Israel-Day Seven

We left our fancy resort on the Dead Sea and headed to Masada.  At the end of the day we traveled to Jerusalem, with a few stops in between.


First of all, the cable car we were going to take up was “closed for inspection.”  We climbed up the “Snake Path” and got to the top, only to find out that the cable car was not closed for inspection, but closed because John Hagee’s group had rented it for the day to keep other groups from coming up.  He held the first church service ever on Masada.

Herod built Masada, and Pontius Pilate easily could have stayed here.  The 66 Jewish revolt started in Caesarea, but by 70 Jerusalem was taken, and the Zealots climbed up the cliffs of Masada at night and took it from the Romans.  They made it their only standing army base in the South of Israel.  There were fully furnished storerooms of goods here.  There was a large palace that Herod built, as well as a bath house and other fineries.  There was plenty of water to go around as well.

The Romans came to take it back, using Jewish slaves taken in combat to build a ramp up to the top to break in.   They built a wall around the mountain to keep the Jews from escaping at night.  The night before the Romans broke in, the men met in the Synagogue, one of the oldest remaining in the world, and they cast lots to see who would be the last one to die (they all killed their wives, children, each other).  It was better to murder than to commit suicide.  When the Romans breached the wall in the morning, it was an empty town except for a couple women and children.  In the early 1960s the site was found and excavated.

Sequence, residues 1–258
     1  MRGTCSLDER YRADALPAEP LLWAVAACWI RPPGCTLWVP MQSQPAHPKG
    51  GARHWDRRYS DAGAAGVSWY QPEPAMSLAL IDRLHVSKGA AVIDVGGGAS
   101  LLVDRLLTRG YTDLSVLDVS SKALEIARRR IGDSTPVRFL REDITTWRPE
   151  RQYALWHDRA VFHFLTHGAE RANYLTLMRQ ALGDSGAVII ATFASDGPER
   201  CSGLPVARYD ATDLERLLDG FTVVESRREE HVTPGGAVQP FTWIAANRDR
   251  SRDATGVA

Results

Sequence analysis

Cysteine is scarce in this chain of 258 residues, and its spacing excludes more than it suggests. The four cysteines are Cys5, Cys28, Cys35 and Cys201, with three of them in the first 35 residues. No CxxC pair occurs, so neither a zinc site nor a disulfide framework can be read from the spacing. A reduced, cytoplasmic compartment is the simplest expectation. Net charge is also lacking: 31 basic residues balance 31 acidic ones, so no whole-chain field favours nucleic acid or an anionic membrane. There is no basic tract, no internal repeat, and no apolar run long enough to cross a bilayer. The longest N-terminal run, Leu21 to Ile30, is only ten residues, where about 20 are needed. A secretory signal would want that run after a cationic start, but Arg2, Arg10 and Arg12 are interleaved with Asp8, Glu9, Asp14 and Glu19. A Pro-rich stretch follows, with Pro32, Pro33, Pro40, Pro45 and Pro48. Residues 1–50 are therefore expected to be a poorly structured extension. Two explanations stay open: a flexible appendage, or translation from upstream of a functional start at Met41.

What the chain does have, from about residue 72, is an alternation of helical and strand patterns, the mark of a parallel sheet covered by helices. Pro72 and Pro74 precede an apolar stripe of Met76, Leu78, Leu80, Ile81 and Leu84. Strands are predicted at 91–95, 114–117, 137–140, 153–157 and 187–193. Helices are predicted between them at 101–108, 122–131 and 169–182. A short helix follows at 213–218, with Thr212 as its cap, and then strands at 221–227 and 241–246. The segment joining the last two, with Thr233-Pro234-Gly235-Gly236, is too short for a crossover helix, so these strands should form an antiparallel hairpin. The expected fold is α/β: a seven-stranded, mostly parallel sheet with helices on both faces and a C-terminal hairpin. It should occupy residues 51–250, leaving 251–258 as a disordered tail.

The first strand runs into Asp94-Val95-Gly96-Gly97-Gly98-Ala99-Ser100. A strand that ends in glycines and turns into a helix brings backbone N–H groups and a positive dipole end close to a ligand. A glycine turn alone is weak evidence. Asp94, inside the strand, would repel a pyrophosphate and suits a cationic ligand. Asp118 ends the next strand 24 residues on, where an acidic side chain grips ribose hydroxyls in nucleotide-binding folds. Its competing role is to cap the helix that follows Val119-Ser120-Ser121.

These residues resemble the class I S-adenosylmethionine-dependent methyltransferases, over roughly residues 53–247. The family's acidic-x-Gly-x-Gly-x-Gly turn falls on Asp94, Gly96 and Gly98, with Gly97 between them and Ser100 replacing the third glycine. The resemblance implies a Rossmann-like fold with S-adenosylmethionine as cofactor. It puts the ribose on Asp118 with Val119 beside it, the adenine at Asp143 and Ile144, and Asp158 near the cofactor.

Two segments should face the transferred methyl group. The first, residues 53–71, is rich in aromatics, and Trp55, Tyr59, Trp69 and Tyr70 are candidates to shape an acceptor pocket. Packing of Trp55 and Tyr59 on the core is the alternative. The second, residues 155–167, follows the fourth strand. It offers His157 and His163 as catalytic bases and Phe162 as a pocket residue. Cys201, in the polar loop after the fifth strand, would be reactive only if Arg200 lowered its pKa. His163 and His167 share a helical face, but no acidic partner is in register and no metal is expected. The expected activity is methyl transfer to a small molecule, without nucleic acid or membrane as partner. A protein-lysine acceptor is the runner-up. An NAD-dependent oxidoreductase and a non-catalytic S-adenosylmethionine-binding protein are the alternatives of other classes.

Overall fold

It was found that there was a lot of agriculture going on at the top of Masada.  There were scrolls found on the synagogue floor when it was excavated, as if the Romans just came in and trashed them.  Most Israeli soldiers today are sworn in here—“I swear, I swear, I swear, Masada will never fall again.”

I climbed Masada in a little under 35 minutes.
Herod’s Palace on the side of Masada. Beautiful view of the Dead Sea.

Tel Be’er Sheba

It was very hot when we visited Tel Beersheba.  This is where Abraham and Isaac lived most of their lives in Canaan.  There are fertile hills around although the place is a slight desert.  This is one of the places an incense altar was built.  It was found here destroyed, and has been reconstructed.  It was most likely destroyed by Hezekiah or Josiah (II Kings 23:8).  The well here is 260 feet deep.  It stands at the entrance to the city.

Beer Sheva

Valley of Elah

We then drove North into a very fertile region where we visited the Valley of Elah where David killed Goliath.  The valley is quite narrow, perfect for Goliath to come down and mock the Israelites.  David had come from Bethlehem, down a ridge to the valley of Elah.  It took us less than half an hour to get to Jerusalem from here.

This side would have held the Israelites

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